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East County Friday, Feb. 22, 2019 11 months ago

Call of the Future

The Sertoma Club of Greater Sarasota adapted to attract new members while keeping its community service intact.
by: Eric Snider Contributor

In 2014, as it approached its 60th year, the Sertoma Club of Greater Sarasota came to a point of reckoning. With an aging membership and a hidebound structure that required mandatory dues and weekly luncheon attendance, the club had to decide if growth was part of its future.

Its service component — to aid those in the community impacted speech and language challenges, especially ages birth to 18 — was in good shape. But moving forward, how would they attract new members? It wasn’t as if millennials were bum-rushing Wednesday lunches held at Cafe Baci.

Under the leadership of then-President Tim Self, the club launched a visionary initiative: a focus group of about 20 of its younger members, along with potential new members. Jake Hartvigsen, 54, the current club secretary who becomes club president July 1, took part. 

“They were smart enough to say, ‘OK, if you look at what’s happening with service organizations around the country — they’re aging. What are we going to do to ensure we have a club that’s built for the future?’” he recalls. “They asked us our perceptions of the club, what we liked and didn’t like, what things they could do to get us involved and keep us engaged.”

Club leadership listened. And acted. They introduced a less expensive, pay-as-you-go dues alternative that did not mandate weekly attendance at luncheons. They introduced new social gatherings — like a karaoke night — that appealed to a younger crowd. And they established fresh events, chief among them My Hometown Fest, which debuted in 2015 and draws close to 2,500 people each year. 

The family-friendly gathering, slated for Saturday, March 25, at Nathan Benderson Park, features samples of food and craft beer from local restaurants and breweries, as well as live music and activities for kids. My Hometown Fest has quickly become one of the club’s two signature fundraising events, along with the annual golf tournament held in November.  

My Hometown Fest features live music as well as food, craft beer and kids activities.

Sertoma Sarasota’s forward-thinking approach has paid off in the larger sense as well. Its 95 members include more women and millennials, says Past President and board Chairman Michael Schuchat, who is 34. Hartvigsen, an attorney who lives in Lakewood Ranch, said he recognizes the ongoing challenges faced by clubs like Sertoma (Service to Mankind), Kiwanis, Rotary and Lions.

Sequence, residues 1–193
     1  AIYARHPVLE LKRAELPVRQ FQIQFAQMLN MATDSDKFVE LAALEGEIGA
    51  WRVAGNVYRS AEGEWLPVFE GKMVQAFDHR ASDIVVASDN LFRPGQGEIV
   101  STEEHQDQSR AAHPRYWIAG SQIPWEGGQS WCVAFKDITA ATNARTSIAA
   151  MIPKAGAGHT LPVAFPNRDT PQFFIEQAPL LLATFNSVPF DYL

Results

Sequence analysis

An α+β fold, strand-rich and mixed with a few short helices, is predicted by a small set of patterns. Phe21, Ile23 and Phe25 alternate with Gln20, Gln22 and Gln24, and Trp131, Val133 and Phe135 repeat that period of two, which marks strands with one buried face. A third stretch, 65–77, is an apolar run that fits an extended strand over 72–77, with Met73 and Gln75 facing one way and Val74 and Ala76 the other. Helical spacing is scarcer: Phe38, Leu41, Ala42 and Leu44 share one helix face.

“This type of club is difficult in today’s age with everyone being as busy as they are, the speed of life, with everyone stuck to their phones,” Schuchat says. “However, I think we’ve done a good job blending the older membership with a good set of young people. You’re always going to have people who want to be actively involved in community service rather than simply write a check to a large charity. I think it’s something more people should consider — to find a balance in their life, and to give back.”

Meanwhile, the Sertoma Club of Greater Sarasota’s core purpose continues as it has for six decades. A spin-off organization called Sertoma Kids runs speech and hearing therapy clinics for children from birth to age 18. Three paid professionals conduct sessions at the Sarasota YMCA on Euclid Avenue, Children First on Orange Avenue and, starting last year, at Visible Men Academy, a school for at-risk boys in Bradenton. 

Sertoma Kids Speech Therapy is a speech and language program hosted at the Frank G. Berlin, Sr. Branch of the Sarasota YMCA.

Because the club wants to make its services accessible, it charges zero to $55 an hour, based on the client’s ability to pay. 

“We try to bring them in at an early age,” Hartvigsen says, “because early intervention is important. If we can help kids gain those communication skills at a young age, they have a much better outlook.”

The club has also funded systems for the hearing impaired at Van Wezel Performing Arts Hall and Florida Studio Theatre, and awarded grants to other organizations for speech and hearing therapy. Although the Sertoma Club of Greater Sarasota and Sertoma Kids are closely affiliated, they are separate nonprofits and conduct their own fundraising. They combine their revenue — $75,000 to $90,000 a year, Hartvigsen says — to pay for their service offerings. 

The Sarasota group helped found Sertoma chapters in Bradenton in 1957 and Venice in 1976, so it’s been a while since a new one has formed. Although membership is open with any chapter, Hartvigsen says his club has its eye on the possibility of a new chapter— in Lakewood Ranch. 

“With all the growth there,” he says, “it seems like a natural fit.”

The Sarasota chapter helped fund a hearing screening van that travels the state providing free screening to adults and children.


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